Netflix Chief Content Officer Ted Sarandos said that the streaming platform has been working “pretty far ahead” on delivering new shows to its audiences. Fortunately, this would mean that there would be no disruption in programming, and maybe schedules, to the service in the next months but might take a toll on the platform in the latter part of the year.
“It’s been a massive disruption. Every one of our productions around the world are shut down. It’s unprecedented in history,” he said Sunday on CNN’s Reliable Sources.
This is for the rest of the company to get its gears functioning––creative juices oozing out. Sarandos said for an example is the virtual 40-person table read for the show Big Mouth just last week. “People are getting geared up for a time they can get back to work.”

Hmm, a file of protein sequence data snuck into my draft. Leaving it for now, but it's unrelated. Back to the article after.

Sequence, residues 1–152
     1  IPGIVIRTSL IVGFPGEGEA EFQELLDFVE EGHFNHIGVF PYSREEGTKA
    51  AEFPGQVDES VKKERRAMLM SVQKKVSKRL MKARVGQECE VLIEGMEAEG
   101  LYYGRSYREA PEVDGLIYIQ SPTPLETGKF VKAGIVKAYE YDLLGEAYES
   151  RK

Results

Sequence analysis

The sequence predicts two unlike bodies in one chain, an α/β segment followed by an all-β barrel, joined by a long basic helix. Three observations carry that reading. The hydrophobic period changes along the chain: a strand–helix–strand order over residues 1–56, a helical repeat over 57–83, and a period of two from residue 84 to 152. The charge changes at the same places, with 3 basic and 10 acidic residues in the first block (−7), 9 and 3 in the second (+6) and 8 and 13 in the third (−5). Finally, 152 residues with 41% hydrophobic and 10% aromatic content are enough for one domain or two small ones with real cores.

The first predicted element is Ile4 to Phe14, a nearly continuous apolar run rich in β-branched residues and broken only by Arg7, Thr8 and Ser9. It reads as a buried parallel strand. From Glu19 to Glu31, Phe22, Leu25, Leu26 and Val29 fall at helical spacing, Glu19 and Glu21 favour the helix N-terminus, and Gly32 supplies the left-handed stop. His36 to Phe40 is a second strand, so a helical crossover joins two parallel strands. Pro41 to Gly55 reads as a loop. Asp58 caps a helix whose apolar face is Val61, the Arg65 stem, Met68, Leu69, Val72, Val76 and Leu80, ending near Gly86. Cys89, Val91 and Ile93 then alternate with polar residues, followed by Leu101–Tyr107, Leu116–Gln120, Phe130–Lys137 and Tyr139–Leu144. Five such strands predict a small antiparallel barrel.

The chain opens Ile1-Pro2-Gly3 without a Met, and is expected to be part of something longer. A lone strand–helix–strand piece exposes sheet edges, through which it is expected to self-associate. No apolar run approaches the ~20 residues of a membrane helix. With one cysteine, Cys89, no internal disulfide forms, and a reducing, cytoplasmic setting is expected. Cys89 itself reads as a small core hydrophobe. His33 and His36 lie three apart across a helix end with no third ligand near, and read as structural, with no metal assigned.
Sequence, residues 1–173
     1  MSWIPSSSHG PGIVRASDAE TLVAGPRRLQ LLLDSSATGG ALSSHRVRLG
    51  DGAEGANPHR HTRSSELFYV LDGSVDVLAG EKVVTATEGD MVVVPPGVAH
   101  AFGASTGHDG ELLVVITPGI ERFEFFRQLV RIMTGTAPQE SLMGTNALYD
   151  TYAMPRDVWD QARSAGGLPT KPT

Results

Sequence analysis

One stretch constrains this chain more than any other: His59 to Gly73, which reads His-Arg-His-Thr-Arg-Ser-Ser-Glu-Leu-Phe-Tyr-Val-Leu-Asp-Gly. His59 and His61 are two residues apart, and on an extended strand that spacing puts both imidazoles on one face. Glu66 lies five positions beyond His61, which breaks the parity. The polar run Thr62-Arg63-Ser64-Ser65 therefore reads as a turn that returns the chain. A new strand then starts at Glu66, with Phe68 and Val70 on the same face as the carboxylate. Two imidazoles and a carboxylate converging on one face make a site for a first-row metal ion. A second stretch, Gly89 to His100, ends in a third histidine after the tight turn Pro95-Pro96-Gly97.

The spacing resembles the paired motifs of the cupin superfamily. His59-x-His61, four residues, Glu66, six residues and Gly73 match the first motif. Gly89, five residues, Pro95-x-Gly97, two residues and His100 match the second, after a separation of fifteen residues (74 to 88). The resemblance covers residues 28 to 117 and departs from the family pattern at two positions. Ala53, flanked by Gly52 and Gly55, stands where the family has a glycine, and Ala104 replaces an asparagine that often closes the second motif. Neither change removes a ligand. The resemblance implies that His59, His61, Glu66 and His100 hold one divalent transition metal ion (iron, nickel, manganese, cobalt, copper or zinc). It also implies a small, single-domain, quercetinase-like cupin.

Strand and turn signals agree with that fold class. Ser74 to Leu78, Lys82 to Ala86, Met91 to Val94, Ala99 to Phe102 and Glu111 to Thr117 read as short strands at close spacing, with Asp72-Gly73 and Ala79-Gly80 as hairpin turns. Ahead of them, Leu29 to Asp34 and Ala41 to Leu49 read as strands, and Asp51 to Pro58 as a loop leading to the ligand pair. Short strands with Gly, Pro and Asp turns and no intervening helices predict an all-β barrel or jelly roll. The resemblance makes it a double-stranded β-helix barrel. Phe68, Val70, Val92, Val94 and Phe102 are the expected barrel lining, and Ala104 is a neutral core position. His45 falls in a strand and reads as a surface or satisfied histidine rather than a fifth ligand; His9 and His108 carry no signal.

When asked by host Brian Stetler about viewing, Sarandos said it that all of it is up.
“You can imagine, all viewing is up. It’s up on Netflix, on CNN on television in general. The system has been very robust and can help out a lot of people. People certainly are watching a lot more Netflix. As Governor (Andrew) Cuomo said so beautifully the best thing you can do is stay at home we are trying hard to help.”
“What’s happening now is we work pretty far ahead with delivering all the episodes of our shows at once so no disruption over the net few months, maybe later in the year as physical production is not operational,” he added.
Alongside the great future-thinking of the company, Sarandos and the rest of the platform has offered their workers two weeks of pay because of the halt in productions. The company announced last week that they will be funding $100 million for these workers who took the hit in the industry––most especially the creatives.